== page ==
Mechanically, significant changes included an upgraded transmission, a gear ratio better suited to hauling, a strengthened frame and a shrouded radiator, while easily noticed improvements to the body barely changed the Jeep’s look. Headlights were larger and slightly ahead of the grille rather than behind it, the grille itself carried seven slots instead of the previous nine, a tailgate was added and seats were less uncomfortable. Beyond the improved seats, the CJ-2A further differed from the MB in its selection of options ranging from front and rear power-takeoffs to a compressor, an arc welder and a heater. Aftermarket suppliers expanded the accessories list to include items such as snow plows which Ryczak recalled seeing in his younger days.

Jeep Of All Trades

In addition to clearing roads in the wintertime, Jeeps earned a civilian reputation for working just about everywhere in all conditions. Advertising showed them hard at work as a package-laden Jeep in the city to trailer-towing along a small-town main street to farmland use and in what came to be known as “runabout” duty.

The runabout category was a catchall, as a Florida Jeep’s owner could explore hard-to-reach vacation spots and a Colorado sportsman could get to sites inaccessible to cars. But an Argentine scene pushed the bounds of believability as it pictured a standing gaucho steering a Jeep with one hand and brandishing a whip in the other to herd cattle on the pampas.

military jeep
The side-mounted spare and the tailgate are changes made to adapt the military jeep to uses as both a commercial and private vehicle.

The Frame Was Surprisingly Good

Ryczak’s Jeep didn’t chase cows in South America before he found it in Connecticut 13 years ago. It had plowed snow, however, and he said that plowing stresses the frame horns beyond their design limits.

“The frames weren’t made for that,” he said, “and they would bend those horns and the frames, so typically, that was a really bad thing. This (owner), for whatever reason, reinforced it with wood and he had parts welded and attached to the front to reinforce it. So it had a snowplow on it, but it was really reinforced and by the leaf springs, he had these big coil springs that he had put in between the frame and the springs because of the weight of the plow.”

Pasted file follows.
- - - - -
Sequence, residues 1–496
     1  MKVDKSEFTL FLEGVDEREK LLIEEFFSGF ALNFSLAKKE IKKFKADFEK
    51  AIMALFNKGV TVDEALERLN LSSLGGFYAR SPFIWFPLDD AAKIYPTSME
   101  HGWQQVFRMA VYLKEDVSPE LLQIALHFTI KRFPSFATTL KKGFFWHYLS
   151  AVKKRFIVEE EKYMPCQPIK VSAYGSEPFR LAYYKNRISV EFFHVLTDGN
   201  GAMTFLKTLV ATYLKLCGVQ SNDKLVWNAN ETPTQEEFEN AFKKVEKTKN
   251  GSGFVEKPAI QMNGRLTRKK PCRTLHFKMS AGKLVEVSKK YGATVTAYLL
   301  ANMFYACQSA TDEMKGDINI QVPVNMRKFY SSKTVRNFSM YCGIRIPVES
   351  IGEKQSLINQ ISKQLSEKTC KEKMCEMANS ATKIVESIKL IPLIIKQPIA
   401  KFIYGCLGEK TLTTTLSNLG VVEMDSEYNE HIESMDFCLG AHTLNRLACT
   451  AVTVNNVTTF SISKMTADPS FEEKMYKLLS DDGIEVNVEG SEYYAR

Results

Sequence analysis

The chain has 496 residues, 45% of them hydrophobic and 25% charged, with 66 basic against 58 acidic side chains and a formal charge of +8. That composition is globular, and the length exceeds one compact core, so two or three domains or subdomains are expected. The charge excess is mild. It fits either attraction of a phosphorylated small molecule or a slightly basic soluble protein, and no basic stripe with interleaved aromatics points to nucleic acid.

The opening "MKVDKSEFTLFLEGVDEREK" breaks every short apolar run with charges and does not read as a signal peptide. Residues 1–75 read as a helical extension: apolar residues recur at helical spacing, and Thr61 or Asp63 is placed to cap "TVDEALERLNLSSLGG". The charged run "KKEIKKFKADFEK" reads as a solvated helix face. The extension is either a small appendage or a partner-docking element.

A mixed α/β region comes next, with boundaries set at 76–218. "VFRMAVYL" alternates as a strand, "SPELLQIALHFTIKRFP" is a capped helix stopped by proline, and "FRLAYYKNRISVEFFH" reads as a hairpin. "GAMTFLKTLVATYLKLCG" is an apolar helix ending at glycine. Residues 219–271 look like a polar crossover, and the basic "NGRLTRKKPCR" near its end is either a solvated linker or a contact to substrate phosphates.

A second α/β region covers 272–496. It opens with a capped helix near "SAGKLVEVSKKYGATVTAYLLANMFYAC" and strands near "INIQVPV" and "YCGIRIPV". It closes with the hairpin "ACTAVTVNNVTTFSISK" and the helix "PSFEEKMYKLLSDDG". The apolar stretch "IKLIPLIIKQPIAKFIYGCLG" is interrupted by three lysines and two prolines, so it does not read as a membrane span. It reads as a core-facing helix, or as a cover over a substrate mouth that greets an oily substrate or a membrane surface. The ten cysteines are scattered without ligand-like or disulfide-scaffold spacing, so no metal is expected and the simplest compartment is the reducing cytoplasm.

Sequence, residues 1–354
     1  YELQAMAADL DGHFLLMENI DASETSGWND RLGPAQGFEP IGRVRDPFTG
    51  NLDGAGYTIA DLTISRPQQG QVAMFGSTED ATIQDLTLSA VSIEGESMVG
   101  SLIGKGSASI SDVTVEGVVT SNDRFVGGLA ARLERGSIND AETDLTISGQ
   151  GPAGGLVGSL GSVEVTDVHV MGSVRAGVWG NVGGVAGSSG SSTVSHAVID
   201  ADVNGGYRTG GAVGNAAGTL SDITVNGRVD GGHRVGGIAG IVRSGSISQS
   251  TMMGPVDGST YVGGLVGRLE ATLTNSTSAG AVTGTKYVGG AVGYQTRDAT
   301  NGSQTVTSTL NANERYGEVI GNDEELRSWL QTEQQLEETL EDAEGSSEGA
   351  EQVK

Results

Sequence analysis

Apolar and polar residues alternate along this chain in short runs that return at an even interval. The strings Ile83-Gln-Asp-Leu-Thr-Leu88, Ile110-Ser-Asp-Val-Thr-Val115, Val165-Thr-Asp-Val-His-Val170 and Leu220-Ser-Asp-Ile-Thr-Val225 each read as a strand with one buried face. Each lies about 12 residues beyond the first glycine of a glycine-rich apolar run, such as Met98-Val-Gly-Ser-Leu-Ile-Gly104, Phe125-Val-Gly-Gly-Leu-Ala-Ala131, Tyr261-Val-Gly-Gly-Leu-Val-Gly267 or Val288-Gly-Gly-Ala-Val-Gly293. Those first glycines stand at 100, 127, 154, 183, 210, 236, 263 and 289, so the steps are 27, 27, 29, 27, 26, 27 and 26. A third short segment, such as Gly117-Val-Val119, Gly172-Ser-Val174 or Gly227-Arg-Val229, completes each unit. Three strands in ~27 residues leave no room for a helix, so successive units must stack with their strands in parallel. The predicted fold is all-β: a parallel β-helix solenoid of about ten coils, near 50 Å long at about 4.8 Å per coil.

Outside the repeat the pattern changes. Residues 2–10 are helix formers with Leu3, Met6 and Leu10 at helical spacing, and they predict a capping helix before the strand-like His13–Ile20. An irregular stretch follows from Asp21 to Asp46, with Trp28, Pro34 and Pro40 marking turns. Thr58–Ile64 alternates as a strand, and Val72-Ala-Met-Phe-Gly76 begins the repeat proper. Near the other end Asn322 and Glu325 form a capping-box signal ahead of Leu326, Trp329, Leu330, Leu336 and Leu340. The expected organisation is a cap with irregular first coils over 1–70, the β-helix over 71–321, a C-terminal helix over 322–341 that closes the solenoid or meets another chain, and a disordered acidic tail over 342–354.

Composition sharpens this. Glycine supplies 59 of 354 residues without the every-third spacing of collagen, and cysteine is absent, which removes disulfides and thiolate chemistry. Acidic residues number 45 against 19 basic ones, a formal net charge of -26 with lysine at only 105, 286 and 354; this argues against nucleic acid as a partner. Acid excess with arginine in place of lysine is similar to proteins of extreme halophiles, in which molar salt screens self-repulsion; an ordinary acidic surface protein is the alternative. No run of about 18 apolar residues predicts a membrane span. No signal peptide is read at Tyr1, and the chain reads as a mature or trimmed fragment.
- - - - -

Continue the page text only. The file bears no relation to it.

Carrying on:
Rust is the other big problem on the frames, although his was solid and required only stripping, cleaning and a careful coating of POR-15. It was solid enough, in fact, that he sold the frame from the parts Jeep that came with the featured 1946 CJ-2A. The parts Jeep was rough, but important.

“The ’46 had its engine in it,” Ryczak said, “but it wasn’t running. The ’48 parts Jeep was running, but the body was totally disintegrated. It was so bad that the metal pedals for the brake and the clutch looked like waffleboards.”

Ryczak said the feature Jeep’s engine was partly disassembled when he bought it and he decided to have it rebuilt, so he temporarily replaced it with the running engine to enable the 1946 to move under its own power. He then opened the differentials, transmission and transfer case, cleaned them and installed all new seals and gaskets since there was no sign of serious wear even after about 60,000 miles. The springs were also disassembled for inspection, then coated with POR-15 and given new bushings during reassembly. Ryczak replaced the starter, rebuilt the carburetor and replaced the steering box’s gaskets and worn components as needed.

The Jeep was mostly complete, with small parts like the gauges and dashboard light intact, and even one extra component was still in place.

“There was a heater,” Ryczak said. “They didn’t come from the factory. It was a dealer option and I still have it. It’s just a little heater core with a blower in it. It mounts up under on the driver’s side and it blows down onto your feet. I don’t even know that you could feel it, to be truthful.”

dashboard-mounted instruction
The dashboard-mounted instruction plate provides the basic information a first-time Jeep driver would need to know. Note the smoke coming from the factory stacks…not something a company would emphasize today.

A heater’s nice, but seats are nicer and those in the feature Jeep needed to be rebuilt.

“At the time,” Ryczak recalled, “they only offered foam that you could put under the seat covers. It was a very nice kit, but now they offer the bedspringtype originals. They look like bedsprings and they put horsehair over the top of them and then the cover over it.”

He also replaced the wiring harness with a reproduction, one of the restoration’s more straightforward phases.

“There’s one circuit breaker on the headlight switch,” he said. “That’s the only one…and there are no fuses.

“It’s very simple. You’ve got the headlights, taillights, the gauges— you’ve only got the one light, so you don’t have any lights in the gauges— the gas tank, the horn, the regulator and one taillight, the stoplight-taillight. You really don’t have that much.”

The Body Was In Very Bad Shape…

Eventually, the engine swap was reversed and today the parts Jeep’s engine is in storage with its transmission, transfer case, one of its differentials and some miscellaneous parts such as the air cleaner.